Displaced From the Land<p>As Euro-Americans settled permanently on the most fertile North American lands and acquired seeds that Native growers had carefully bred, they imposed policies that <a href="https://doi.org/10.1086/ahr/87.2.550" target="_blank">made Native farming practices impossible</a>. In 1830 President Andrew Jackson signed the <a href="https://guides.loc.gov/indian-removal-act" target="_blank">Indian Removal Act</a>, which made it official U.S. policy to force Native peoples from their home locations, pushing them onto subpar lands.</p><p>On reservations, U.S. government officials discouraged Native women from cultivating anything larger than small garden plots and pressured Native men to practice Euro-American style monoculture. Allotment policies assigned small plots to nuclear families, further limiting Native Americans' access to land and preventing them from using communal farming practices.</p><p>Native children were forced to attend boarding schools, where they had no opportunity to <a href="https://doi.org/10.5749/jamerindieduc.57.1.0145" target="_blank">learn Native agriculture techniques or preservation and preparation of Indigenous foods</a>. Instead they were forced to eat Western foods, turning their palates away from their traditional preferences. Taken together, these policies <a href="https://kansaspress.ku.edu/978-0-7006-0802-7.html" target="_blank" rel="noopener noreferrer">almost entirely eradicated three sisters agriculture</a> from Native communities in the Midwest by the 1930s.</p>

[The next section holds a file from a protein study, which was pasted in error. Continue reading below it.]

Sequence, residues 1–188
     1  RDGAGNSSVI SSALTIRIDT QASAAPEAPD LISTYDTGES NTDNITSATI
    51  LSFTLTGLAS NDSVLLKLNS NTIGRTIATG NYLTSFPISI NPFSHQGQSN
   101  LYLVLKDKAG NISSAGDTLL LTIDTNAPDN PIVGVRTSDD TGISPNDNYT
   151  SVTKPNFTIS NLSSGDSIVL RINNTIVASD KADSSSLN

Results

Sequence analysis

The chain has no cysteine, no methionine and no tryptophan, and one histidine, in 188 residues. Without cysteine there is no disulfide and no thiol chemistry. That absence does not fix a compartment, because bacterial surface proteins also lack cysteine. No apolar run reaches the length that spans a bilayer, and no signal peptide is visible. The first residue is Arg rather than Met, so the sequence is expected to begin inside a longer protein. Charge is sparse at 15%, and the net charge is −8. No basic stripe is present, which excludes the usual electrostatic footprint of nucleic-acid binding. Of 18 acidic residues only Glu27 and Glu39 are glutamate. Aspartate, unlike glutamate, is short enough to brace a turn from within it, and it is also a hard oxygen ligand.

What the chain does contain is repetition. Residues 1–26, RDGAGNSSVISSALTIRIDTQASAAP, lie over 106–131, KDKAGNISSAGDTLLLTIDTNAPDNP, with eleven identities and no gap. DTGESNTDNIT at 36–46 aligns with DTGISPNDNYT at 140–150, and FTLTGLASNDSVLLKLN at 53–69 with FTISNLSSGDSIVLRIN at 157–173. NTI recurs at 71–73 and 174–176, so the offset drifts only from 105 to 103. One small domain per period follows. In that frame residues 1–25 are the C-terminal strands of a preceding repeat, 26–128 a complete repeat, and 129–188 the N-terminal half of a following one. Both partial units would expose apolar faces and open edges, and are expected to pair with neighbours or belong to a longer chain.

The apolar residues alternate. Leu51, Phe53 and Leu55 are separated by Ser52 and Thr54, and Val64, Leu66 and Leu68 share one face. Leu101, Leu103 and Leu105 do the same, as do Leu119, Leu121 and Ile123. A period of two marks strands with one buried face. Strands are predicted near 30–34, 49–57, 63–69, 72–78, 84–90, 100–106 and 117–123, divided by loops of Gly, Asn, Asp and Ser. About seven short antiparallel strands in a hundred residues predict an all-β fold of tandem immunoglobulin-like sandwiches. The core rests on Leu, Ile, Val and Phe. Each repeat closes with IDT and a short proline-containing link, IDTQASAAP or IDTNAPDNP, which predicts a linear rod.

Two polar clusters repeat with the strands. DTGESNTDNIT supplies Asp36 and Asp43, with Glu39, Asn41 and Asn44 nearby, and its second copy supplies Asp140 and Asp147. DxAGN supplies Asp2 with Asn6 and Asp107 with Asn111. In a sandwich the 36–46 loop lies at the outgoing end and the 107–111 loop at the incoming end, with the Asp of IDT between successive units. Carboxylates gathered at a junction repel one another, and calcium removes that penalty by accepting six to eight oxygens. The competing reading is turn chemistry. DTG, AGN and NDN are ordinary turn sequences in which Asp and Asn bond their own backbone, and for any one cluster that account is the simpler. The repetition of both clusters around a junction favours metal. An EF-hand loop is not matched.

Reviving Native Agriculture<p>Today Native people all over the U.S. are working diligently to <a href="https://www.oupress.com/books/15107980/indigenous-food-sovereignty-in-the-united-sta" target="_blank" rel="noopener noreferrer">reclaim Indigenous varieties of corn, beans, squash, sunflowers and other crops</a>. This effort is important for many reasons.</p><p>Improving Native people's access to healthy, culturally appropriate foods will help lower rates of <a href="https://www.cdc.gov/vitalsigns/aian-diabetes/index.html" target="_blank">diabetes</a> and <a href="https://www.apa.org/pi/oema/resources/ethnicity-health/native-american/obesity" target="_blank">obesity</a>, which affect Native Americans at disproportionately high rates. Sharing traditional knowledge about agriculture is a way for elders to pass cultural information along to younger generations. Indigenous growing techniques also protect the lands that Native nations now inhabit, and can potentially benefit the wider ecosystems around them.</p>